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I lost the root password for a guest system.

I mounted the guest system and changed it to single user mode. Then I used virsh console to access the guest system, which was now in single user mode, and used a command echo "root":"123456" | chpasswd to reset the password.

However, after the guest system rebooted, I couldn't access it. The new password was incorrect (Login incorrect). However, if I mount the guest system again in host, and call chroot, I verified that the new password was working by switching to a regular account, and switching back to root and entered the new password.

Both the server version and guest version of OS are the latest centos version.

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What do the logs in the guest tell you? –  Michael Hampton Jun 7 '13 at 1:59
    
Jun 6 17:15:37 guest34 kernel: type=1400 audit(1370564137.621:16): avc: denied { read } for pid=1057 comm="login" name="passwd" dev=vda1 ino=18194 scontext=system_u:system_r:local_login_t:s0-s0:c0.c1023 tcontext=system_u:object_r:file_t:s0 tclass=file –  Purres Jun 7 '13 at 2:21

1 Answer 1

up vote 0 down vote accepted

You've posted an SELinux denial, wherein login is being denied access to read /etc/passwd. From looking at the log entry I can see that it has an invalid security context (it should be passwd_file_t, not file_t; did you manually edit this file?).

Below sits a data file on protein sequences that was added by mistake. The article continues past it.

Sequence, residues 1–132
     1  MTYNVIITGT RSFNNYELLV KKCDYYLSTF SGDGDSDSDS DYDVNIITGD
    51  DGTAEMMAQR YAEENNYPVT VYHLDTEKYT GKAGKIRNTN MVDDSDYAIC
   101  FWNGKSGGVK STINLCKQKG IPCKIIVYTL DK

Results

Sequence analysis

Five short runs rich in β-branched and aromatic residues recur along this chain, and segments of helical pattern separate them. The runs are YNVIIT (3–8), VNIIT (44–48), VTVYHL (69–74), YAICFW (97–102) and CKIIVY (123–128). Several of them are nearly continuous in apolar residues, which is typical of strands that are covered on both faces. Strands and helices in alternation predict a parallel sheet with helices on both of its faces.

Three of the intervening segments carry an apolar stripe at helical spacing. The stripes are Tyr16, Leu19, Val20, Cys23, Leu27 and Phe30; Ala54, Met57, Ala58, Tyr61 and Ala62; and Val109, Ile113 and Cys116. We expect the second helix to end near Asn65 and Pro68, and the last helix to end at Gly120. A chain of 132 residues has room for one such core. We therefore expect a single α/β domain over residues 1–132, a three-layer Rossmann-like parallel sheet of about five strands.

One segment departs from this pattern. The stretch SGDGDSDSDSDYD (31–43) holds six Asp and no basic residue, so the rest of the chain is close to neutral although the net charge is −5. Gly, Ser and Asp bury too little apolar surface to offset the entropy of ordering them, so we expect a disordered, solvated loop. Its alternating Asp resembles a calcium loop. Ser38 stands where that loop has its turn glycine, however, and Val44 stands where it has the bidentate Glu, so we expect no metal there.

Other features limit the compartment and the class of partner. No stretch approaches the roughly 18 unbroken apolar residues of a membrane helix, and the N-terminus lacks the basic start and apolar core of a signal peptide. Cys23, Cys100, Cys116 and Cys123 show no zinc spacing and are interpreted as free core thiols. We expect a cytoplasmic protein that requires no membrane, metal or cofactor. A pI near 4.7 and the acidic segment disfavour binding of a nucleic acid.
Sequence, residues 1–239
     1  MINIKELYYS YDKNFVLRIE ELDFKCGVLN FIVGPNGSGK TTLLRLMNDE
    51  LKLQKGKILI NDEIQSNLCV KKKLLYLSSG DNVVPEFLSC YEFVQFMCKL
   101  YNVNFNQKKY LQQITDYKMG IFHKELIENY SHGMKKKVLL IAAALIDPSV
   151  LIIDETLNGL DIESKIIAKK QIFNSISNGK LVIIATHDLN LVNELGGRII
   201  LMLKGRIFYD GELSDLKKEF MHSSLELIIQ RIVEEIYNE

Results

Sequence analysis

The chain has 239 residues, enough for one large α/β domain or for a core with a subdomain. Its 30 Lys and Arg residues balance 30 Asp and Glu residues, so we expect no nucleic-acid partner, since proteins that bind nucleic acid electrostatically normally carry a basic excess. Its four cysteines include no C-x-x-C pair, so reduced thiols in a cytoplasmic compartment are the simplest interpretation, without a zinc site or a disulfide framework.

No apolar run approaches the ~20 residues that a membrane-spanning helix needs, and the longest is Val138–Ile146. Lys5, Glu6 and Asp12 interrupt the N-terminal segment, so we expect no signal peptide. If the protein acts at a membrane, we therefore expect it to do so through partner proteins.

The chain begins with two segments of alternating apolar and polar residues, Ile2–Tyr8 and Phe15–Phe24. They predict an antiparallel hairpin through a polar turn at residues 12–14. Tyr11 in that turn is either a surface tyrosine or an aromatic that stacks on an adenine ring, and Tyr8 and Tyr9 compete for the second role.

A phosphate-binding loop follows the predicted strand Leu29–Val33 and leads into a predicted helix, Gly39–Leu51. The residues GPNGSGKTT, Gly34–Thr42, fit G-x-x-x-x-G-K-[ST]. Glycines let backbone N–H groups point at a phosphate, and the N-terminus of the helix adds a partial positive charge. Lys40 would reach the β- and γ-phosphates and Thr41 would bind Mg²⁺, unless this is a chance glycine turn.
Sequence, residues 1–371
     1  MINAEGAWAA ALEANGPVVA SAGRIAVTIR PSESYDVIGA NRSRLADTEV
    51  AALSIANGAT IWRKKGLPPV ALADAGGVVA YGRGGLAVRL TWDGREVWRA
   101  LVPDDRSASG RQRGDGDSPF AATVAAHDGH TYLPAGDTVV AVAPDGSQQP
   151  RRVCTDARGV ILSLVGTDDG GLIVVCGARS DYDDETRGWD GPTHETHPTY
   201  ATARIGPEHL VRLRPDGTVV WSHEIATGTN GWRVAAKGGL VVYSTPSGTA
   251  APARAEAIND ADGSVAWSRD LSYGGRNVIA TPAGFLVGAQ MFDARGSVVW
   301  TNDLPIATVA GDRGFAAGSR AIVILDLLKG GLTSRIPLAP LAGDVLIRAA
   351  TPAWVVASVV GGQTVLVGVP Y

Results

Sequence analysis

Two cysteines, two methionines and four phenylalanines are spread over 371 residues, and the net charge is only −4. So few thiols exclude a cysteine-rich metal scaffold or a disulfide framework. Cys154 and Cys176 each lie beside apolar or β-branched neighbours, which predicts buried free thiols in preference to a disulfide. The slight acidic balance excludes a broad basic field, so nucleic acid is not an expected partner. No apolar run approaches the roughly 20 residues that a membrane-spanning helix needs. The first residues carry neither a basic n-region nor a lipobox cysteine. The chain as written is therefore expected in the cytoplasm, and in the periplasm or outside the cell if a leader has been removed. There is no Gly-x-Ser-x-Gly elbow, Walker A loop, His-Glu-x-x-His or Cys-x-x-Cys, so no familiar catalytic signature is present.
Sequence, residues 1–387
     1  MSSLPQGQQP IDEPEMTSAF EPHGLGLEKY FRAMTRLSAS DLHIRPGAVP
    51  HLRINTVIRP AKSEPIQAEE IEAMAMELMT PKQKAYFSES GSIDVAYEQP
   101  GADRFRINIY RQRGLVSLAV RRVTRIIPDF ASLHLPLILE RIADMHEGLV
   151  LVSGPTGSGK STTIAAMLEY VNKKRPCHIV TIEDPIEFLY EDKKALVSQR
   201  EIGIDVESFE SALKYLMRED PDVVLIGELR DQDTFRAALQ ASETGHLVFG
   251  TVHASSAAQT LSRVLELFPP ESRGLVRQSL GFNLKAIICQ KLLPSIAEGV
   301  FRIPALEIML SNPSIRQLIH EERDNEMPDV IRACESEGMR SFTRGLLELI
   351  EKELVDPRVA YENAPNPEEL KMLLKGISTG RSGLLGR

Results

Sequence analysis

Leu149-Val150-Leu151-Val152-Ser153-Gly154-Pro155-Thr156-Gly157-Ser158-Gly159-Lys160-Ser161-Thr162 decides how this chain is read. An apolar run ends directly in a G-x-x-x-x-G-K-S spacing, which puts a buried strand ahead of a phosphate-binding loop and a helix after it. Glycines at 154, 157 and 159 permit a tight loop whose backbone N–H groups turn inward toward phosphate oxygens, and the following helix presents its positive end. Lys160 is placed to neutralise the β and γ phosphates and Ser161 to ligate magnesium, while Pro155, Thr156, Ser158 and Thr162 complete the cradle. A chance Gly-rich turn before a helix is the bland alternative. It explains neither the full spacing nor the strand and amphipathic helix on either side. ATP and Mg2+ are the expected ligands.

I recommend you fix the security context on /etc/passwd (and the rest of the system just to be safe).

To fix invalid security contexts, chroot back into the filesystem and then run:

restorecon -r -v /

If this fails (e.g. because SELinux is not running in your chroot) then

touch /.autorelabel

and reboot the VM, to have it relabeled at the next reboot.

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Thanks, it's fixed after running 'restorecon -r -v /' in single user mode. Here's the restoring log: restorecon reset /etc/shadow context system_u:object_r:file_t:s0->system_u:object_r:shadow_t:s0 restorecon reset /etc/passwd context system_u:object_r:file_t:s0->system_u:object_r:etc_t:s0 –  Purres Jun 7 '13 at 2:45
    
Close enough. Remember to mark the question as solved by clicking the outline of the check mark next to the answer that resolved the problem for you. –  Michael Hampton Jun 7 '13 at 2:49
    
The next question is why would linux read /etc/passwd file when I try login? –  Purres Jun 7 '13 at 2:50
    
Because it has all the information about your user account, like your uid and gid and home directory. –  Michael Hampton Jun 7 '13 at 2:50

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